The Old Mountain Turnpike
On the Rocks – The Woodstock Times
Updated by Robert and Johanna Titus
One of our region’s most historic roads is also one of its least known. It’s the Old Mountain Turnpike. Long ago, the road was the gateway to the Catskills. As far back as the 1820’s guests of the famed Catskill Mountain House Hotel took carriages up the pike to get to the hotel. As the hotel prospered, so did the turnpike. When the hotel got even more successful, it built the Otis Elevated Railway right up the Catskill Front, and the old dirt road slowly fell into disuse. Today the once great turnpike is just a horse and hiking trail, but it still has much of its 19th Century atmosphere. It makes a nice walk in the woods and, of course, along the way there are many rocks.
To get to the Old Mountain Turnpike take Rte. 23A into Palenville. Turn onto Bogart Road and head north to Mountain Turnpike Road where you turn left, the trailhead is at the western end of the road. You can hike all the way up to North Lake State Park if you like, or any part of the way. You don’t have to go far however before you are in the thick of the geology. The road climbs, makes a bend, and then a fine outcropping of reddish rocks appears. This is great Catskill Delta of the Devonian age. Such red strata are old floodplain deposits, silts and clays left by ancient floods and hardened into red shales. The darker deposits are the muds of delta backswamps. Away from the river channels, swamps formed in low-lying areas and those dark muds accumulated. Watch for fossil plant fragments in all of this.
As you continue up the road you will encounter, at frequent intervals, a number of sandstone ledges. They are Devonian river channel deposits, composed mostly of sandy strata that dip one way or another. These are called cross beds and they are the products of ancient river currents. The river currents drove masses of sand into large “dunes” which migrated downstream. Most of those cross beds dip to the northwest as that was the direction that the old rivers flowed. In between the sandstone ledges the road tends to be pink or red. These are hidden floodplain deposits. The pattern is clear: river sands are followed by red floodplain shales and then more river sands and so on. The Catskill Front is like a great building, it’s made up of sandstone and shale “stories.” When we make such a hike, we almost always count those stories.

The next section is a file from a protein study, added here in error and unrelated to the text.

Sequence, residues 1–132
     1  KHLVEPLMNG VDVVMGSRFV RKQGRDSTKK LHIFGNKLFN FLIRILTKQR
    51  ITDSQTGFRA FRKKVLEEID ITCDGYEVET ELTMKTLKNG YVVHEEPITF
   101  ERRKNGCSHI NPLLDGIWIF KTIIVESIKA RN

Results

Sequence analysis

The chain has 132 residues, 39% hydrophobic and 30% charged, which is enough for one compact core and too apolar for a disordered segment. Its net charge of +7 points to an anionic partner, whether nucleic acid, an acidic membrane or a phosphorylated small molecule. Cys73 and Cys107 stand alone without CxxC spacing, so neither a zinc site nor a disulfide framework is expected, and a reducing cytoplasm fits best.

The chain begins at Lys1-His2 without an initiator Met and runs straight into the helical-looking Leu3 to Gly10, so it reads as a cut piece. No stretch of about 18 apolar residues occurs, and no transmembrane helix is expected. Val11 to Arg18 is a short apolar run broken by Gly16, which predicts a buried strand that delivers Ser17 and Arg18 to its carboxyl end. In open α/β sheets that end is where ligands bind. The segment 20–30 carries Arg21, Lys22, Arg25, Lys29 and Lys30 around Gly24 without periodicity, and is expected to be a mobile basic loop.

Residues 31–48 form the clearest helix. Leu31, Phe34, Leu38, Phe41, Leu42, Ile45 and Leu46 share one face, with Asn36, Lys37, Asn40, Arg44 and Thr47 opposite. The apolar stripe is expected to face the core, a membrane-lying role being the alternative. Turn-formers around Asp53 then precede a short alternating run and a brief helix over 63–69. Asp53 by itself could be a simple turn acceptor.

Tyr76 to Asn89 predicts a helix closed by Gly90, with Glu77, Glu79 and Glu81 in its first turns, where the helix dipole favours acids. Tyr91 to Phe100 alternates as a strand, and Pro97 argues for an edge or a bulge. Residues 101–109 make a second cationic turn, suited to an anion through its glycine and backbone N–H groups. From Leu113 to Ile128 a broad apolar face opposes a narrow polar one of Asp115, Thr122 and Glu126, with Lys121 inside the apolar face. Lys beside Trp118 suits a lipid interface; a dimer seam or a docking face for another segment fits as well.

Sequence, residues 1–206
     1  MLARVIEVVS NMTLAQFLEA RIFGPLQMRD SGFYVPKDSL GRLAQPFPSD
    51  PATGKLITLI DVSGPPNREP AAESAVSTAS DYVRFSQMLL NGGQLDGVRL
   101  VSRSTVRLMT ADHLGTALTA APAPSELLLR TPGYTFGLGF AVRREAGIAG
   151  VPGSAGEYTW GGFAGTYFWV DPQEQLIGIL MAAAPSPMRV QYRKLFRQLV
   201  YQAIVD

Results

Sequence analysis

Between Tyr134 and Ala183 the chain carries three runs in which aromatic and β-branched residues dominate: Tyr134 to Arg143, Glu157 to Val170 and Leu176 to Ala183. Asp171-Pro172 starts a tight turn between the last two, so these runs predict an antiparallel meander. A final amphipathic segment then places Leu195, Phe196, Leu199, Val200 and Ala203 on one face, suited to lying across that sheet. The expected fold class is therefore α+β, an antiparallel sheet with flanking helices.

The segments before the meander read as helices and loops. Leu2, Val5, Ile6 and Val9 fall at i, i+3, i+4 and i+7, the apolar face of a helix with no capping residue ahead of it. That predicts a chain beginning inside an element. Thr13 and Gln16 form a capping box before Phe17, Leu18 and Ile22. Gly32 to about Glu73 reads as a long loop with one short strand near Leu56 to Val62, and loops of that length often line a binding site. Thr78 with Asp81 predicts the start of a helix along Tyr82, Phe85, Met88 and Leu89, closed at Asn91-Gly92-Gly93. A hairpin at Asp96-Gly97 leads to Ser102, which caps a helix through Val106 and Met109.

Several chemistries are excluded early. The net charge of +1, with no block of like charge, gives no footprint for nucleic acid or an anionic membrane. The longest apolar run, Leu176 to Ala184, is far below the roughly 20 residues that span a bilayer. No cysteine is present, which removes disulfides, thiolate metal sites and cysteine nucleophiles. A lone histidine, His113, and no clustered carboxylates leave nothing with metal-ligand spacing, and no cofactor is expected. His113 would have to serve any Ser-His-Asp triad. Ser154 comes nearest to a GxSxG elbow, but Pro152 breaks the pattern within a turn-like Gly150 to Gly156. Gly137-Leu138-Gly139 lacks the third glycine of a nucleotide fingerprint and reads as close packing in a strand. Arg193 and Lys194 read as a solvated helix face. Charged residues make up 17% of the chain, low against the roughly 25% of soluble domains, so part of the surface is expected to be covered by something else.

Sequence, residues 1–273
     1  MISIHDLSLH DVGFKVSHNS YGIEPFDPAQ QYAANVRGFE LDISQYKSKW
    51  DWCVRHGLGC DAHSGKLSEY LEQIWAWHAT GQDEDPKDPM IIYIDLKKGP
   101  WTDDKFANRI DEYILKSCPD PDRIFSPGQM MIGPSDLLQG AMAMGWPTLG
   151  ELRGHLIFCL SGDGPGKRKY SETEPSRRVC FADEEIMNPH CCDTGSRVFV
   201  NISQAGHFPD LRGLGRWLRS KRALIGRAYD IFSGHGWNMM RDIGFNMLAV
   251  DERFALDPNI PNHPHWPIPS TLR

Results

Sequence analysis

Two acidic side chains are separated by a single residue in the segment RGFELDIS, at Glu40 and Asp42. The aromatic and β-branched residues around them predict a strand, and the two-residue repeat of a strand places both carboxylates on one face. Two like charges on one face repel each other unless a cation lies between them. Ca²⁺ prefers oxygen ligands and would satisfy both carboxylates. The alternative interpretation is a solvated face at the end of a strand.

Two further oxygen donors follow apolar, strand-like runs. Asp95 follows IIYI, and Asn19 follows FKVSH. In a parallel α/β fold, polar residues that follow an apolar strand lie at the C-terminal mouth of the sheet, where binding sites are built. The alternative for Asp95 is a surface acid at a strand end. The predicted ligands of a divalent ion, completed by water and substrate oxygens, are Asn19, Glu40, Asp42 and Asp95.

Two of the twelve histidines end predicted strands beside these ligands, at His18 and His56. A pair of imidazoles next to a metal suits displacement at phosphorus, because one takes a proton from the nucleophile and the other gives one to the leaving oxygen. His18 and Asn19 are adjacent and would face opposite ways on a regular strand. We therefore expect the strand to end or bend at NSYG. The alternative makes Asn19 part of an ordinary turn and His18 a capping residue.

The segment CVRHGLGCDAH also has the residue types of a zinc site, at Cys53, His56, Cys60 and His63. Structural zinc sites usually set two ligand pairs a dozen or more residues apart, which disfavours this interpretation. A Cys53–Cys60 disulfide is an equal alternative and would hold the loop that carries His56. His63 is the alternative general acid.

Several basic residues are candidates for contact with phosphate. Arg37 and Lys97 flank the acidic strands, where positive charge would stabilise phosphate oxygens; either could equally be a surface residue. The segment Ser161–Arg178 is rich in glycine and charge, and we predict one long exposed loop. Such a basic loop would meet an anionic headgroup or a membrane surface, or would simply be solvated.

The second story had some prominent ripple marks in a layer of red shale that crossed the road. The ripples record breezes that blew across a shallow delta pond and generated currents that, in turn, created the ripples. Incredibly those ripples are the record of breezes of nearly 400 million years ago.
At the fourth story we found a vertical ledge of sandstone that had been scoured and striated by a passing glacier. This event occurred a mere 20,000 years ago. A twinkling of time compared to the age of the rocks themselves.
The 14th story was a massive sandstone. This must have been a very large river. Such rivers were what are called delta distributaries. In a large delta complex the trunk stream splits up into many such distributaries. Each one meanders back and forth across the delta plain. A river that is here today, may be gone tomorrow, replaced by a floodplain. That’s why these river sandstones alternate with red floodplain shales. Look at a map of the Mississippi Delta and you will see good examples of such distributaries. Then look at a map of the Ganges River Delta of Bangladesh and you will see even better examples.
The road ascended into a place called Sleepy Hollow and then made a sharp left bend. Here had once stood the Rip Van Winkle House; it had been the halfway stop for carriages headed up to the hotel. The hollow was naturally air conditioned with cool mountain breezed descending through it. It must have been a nice place to stop. But what impressed us most was just above, one of the largest, thickest stories of the hike. We thought that this must have been one of the greatest rivers of the Catskill Delta.
The 24th story brought us to a great overlook. The trees have been cleared away here and a picnic table set up. We ended our journey and sat and gazed out at the Hudson Valley. We had seen enough history for one day. We had watched as 24 Devonian rivers and one glacier had crossed this location. History is complex.
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